Chip-Based Optical Sensor Detects Cancer Biomarker

Pump light coupled to the device produced lasing in a microring resonator. The surface of the resonator holds probes that capture the analytes of interest. The laser light in the ring extends into the fluid. (Source: R. Seubers, Univ. Twente)

For the first time, researchers have used a chip-based sensor with an integrated laser to detect very low levels of a cancer protein biomarker in a urine sample. The new technology is more sensitive than other designs and could lead to non-invasive and inex­pensive ways to detect molecules that indicate the presence or progres­sion of a disease.

“Current methods to measure biomarker levels are expensive and sophis­ticated, requiring biopsies and analysis in specialized labora­tories,” said team leader Sonia M. Garcia-Blanco from the University of Twente in the Nether­lands. “The new tech­nology we developed paves the way to faster and ultra-sensitive detection of panels of biomarkers that will permit doctors to make timely decisions that improve perso­nalized diagnosis and treatment of medical conditions including cancer.”

The multi-insti­tutional group of researchers funded by the H2020 European project GLAM (Glass multiplexed biosensor), shows that the new sensor can perform label-free detection of S100A4, a protein associated with human tumor develop­ment, at levels that are clini­cally relevant. “The biosensor could enable point-of-care devices that simultaneously screen for various diseases,” said Garcia-Blanco. “Its operation is simple and does not require complicated sample treatments or sensor operation, making it an excellent candidate for clinical appli­cations.” The researchers say that the sensor holds potential for non-biomedical appli­cations, as well. For example, it can also be used to detect different types of gases or liquid mixtures.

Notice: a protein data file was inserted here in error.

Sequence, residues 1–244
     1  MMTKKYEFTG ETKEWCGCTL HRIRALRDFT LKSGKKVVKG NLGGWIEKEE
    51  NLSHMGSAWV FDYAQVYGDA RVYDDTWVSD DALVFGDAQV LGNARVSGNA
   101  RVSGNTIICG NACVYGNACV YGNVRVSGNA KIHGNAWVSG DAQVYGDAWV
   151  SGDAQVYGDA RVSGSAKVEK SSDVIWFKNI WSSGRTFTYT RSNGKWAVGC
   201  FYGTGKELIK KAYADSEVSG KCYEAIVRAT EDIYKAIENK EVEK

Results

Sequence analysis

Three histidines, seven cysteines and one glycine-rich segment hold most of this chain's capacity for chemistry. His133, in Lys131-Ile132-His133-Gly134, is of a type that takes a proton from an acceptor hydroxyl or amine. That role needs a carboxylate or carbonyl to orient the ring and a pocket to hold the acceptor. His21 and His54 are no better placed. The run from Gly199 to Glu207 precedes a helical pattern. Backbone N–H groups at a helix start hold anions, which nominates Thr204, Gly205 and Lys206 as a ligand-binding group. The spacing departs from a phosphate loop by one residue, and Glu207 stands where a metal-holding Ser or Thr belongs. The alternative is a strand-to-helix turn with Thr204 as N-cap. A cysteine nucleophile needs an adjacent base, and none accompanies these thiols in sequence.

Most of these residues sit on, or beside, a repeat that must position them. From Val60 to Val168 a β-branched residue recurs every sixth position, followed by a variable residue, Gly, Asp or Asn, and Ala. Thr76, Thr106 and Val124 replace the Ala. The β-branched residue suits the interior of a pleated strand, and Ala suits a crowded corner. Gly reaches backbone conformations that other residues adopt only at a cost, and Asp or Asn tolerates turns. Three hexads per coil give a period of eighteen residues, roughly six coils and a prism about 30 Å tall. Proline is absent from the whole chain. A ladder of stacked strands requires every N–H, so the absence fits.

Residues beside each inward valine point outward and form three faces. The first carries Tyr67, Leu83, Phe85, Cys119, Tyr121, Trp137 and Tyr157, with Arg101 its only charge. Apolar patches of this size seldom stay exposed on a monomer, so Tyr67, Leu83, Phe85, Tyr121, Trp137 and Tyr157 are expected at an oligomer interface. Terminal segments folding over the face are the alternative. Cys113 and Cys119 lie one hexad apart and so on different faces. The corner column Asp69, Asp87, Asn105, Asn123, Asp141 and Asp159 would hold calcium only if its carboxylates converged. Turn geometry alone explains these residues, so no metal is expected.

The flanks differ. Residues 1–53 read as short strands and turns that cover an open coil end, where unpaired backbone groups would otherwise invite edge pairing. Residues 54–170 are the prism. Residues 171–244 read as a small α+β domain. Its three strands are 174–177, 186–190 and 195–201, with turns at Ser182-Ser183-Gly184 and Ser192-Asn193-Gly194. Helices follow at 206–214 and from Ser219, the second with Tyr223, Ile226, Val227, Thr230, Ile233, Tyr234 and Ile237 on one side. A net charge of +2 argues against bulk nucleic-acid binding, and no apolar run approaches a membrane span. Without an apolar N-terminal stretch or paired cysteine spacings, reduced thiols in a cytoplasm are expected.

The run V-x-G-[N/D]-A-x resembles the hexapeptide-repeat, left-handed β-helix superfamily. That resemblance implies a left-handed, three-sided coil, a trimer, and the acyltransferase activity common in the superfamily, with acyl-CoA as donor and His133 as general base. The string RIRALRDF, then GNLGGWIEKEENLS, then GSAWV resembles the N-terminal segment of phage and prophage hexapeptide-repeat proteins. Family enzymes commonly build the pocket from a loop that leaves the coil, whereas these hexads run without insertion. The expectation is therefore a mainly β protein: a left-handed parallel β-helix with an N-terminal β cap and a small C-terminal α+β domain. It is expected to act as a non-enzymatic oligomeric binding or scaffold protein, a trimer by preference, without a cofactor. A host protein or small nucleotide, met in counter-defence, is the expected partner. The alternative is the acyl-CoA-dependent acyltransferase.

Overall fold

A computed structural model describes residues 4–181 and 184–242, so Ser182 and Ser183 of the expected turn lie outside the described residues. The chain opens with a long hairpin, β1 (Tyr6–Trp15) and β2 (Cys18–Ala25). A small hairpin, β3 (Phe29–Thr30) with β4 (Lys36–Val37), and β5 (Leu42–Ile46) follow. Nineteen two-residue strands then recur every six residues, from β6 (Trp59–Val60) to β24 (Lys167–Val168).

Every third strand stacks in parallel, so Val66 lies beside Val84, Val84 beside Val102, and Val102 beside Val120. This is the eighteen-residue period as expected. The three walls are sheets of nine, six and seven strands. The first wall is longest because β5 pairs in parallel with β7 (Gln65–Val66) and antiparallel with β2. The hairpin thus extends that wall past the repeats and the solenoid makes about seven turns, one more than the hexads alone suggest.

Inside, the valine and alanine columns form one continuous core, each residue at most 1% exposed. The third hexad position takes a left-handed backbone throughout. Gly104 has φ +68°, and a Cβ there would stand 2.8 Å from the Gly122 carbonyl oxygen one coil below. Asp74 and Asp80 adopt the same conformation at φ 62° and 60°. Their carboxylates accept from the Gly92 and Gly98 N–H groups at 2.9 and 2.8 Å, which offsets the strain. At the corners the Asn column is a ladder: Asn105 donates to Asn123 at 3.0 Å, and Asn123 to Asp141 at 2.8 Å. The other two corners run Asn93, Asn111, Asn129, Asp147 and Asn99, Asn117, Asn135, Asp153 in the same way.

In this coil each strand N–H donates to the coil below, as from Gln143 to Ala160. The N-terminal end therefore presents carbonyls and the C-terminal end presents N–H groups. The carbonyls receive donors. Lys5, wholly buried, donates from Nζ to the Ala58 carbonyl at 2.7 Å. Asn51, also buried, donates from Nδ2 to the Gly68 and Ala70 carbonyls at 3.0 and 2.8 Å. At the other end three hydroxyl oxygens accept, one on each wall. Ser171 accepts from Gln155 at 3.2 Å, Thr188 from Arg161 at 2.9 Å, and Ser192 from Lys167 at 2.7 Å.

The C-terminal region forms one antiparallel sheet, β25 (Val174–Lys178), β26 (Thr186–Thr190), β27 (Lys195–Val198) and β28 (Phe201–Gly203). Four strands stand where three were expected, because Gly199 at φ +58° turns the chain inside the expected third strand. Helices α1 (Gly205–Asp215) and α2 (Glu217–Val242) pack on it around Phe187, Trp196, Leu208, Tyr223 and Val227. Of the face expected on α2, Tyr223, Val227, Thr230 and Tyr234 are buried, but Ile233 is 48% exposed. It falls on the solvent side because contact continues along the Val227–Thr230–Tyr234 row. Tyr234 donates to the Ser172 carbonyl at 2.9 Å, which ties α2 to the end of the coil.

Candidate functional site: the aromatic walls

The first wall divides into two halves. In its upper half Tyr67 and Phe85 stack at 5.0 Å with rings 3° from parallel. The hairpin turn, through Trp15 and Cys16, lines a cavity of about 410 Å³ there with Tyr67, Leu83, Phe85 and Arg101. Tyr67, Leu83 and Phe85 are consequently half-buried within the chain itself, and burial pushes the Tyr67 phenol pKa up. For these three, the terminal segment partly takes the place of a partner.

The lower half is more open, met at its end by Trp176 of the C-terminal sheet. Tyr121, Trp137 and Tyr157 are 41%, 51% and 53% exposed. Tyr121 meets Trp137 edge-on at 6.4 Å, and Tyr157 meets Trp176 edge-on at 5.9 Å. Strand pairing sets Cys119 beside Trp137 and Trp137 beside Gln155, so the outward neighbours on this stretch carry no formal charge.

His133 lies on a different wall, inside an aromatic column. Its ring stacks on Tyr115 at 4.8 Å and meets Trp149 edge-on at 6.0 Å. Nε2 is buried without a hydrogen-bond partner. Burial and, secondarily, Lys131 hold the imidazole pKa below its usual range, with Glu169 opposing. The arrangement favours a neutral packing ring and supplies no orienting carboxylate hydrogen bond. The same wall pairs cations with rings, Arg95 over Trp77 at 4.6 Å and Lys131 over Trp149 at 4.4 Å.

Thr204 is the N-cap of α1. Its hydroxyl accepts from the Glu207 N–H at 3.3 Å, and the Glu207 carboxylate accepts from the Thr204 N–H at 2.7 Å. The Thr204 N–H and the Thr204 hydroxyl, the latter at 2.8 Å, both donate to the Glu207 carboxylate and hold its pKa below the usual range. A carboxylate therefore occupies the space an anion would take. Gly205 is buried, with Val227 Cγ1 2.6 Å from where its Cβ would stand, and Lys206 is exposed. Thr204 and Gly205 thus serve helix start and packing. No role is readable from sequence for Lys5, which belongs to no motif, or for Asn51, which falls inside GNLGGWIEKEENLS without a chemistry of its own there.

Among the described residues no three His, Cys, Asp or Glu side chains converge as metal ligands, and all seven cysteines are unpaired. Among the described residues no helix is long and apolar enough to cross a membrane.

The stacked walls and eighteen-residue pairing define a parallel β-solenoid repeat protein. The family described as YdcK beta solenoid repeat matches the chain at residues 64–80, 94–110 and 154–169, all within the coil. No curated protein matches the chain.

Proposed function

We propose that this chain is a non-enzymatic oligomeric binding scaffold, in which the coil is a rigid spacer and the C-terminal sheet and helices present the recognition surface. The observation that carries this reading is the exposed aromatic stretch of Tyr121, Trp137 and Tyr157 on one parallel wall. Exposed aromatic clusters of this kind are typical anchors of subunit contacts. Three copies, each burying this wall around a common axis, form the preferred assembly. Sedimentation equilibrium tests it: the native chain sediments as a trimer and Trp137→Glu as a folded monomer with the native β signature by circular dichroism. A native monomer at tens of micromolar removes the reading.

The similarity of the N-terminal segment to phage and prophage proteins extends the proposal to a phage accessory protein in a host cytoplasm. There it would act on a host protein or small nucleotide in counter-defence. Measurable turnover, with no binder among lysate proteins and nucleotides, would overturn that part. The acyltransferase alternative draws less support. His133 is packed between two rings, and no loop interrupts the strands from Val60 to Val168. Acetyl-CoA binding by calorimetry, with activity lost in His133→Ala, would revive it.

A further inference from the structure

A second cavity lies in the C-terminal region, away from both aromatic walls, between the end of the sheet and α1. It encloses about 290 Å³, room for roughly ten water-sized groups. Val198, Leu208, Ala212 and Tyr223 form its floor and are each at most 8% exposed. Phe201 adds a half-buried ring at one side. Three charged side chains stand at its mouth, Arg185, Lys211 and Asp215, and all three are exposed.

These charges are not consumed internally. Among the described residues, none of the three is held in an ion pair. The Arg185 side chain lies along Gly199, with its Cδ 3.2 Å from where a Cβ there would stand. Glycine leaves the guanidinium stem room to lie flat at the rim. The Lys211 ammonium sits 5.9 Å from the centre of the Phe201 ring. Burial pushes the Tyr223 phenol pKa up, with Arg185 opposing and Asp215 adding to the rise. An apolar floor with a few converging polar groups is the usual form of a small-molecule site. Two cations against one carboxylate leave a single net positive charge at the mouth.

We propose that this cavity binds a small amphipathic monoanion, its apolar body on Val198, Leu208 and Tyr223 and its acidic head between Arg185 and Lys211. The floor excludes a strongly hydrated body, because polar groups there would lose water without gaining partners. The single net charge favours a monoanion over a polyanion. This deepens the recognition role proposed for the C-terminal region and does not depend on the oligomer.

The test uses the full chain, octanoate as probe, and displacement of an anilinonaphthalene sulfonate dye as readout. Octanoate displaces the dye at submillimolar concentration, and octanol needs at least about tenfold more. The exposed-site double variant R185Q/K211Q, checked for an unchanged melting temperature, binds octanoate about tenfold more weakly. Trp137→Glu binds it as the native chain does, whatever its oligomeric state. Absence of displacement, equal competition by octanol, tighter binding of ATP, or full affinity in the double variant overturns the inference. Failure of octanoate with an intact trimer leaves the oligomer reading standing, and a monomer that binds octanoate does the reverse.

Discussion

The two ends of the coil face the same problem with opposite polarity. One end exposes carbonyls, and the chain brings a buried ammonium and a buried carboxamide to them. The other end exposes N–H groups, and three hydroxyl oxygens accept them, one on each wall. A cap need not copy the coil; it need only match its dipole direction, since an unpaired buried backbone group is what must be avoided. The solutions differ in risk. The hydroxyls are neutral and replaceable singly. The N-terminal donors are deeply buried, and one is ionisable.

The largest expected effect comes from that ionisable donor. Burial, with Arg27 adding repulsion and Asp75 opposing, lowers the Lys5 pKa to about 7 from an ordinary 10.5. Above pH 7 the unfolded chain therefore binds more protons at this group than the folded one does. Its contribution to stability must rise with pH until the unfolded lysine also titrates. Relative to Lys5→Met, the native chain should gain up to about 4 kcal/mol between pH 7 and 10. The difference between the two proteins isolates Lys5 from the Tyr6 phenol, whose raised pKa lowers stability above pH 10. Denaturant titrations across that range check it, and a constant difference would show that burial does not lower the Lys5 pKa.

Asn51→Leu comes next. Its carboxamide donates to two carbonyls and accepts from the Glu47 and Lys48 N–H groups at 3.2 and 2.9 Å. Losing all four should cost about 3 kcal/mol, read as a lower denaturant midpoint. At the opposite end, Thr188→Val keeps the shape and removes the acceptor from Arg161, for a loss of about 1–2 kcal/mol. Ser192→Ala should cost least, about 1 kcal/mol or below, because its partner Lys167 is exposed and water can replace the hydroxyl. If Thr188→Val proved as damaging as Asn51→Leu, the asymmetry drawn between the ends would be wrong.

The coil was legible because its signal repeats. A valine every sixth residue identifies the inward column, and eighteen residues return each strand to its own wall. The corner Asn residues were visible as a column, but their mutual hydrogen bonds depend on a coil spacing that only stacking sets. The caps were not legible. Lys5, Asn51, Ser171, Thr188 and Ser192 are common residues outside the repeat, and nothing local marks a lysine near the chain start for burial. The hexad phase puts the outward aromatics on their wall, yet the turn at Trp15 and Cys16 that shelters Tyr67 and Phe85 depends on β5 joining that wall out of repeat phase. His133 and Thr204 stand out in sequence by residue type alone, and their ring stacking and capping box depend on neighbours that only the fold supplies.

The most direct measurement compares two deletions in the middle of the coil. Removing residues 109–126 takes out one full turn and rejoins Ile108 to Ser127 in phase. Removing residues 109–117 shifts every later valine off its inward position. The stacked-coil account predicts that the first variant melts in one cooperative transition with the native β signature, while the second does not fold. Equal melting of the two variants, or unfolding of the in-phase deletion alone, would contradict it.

The new chip-based sensor detects the presence of specific molecules by illu­minating the sample with light from an on-chip micro­disk laser. When the light interacts with the biomarker of interest the color, or frequency, of this laser light shifts in a detectable way. To perform detection in urine samples, the researchers had to figure out how to integrate a laser that could operate in a liquid environ­ment. They turned to the photonic material aluminum oxide, because when doped with ytterbium ions it can be used to fabricate a laser that emits in a wave­length range outside the light absorption band of water while still enabling the precise detection of the biomarkers.

“Although sensors based on moni­toring frequency shifts of lasers already exist, they often come in geometries that are not easily integrated on small, disposable photonic chips,” said Garcia-Blanco. “Aluminum oxide can easily be fabricated mono­lithically on-chip and is compatible with standard electronic fabri­cation procedures. This means that the sensors can be produced on a large, industrial scale.” Using a microdisk laser rather than the non-lasing ring resonators used in other similar sensors opens the door to unpre­cedented sensi­tivity. The sensi­tivity comes from the fact that the lasing linewidth is much narrower than the resonances of passive ring resonators. Once other noise sources, such as thermal noise, are eliminated, this method will allow the detection of very small frequency shifts from biomarkers at very low concen­trations.

After developing and applying a surface treatment that captures the biomarkers of interest in complex liquids such as urine, the researchers tested the new sensor with synthetic urine containing known biomarker levels. They were able to detect S100A4 at concentrations as low as 300 picomolar. “Detection in this concen­tration range shows the potential of the platform for label-free biosensing,” said Garcia-Blanco. “Furthermore, the detection module can be poten­tially made very simple using the developed tech­nology, bringing it a step closer to the final application outside of the labora­tory.”

The researchers are working to incor­porate all the relevant optical sources and signal generation components onto the chip to make the device even simpler to operate. They also want to develop various coatings that could allow parallel detection of a large variety of biomarkers. (Source: OSA)

Reference: M. de Goede et al.: Al2O3:Yb3+ integrated microdisk laser label-free biosensor, Opt. Lett. 44, 5937 (2019); DOI: 10.1364/OL.44.005937

Link: Optical Sciences Group, MESA+ Institute for Nanotechnology, University of Twente, Enschede, The Netherlands

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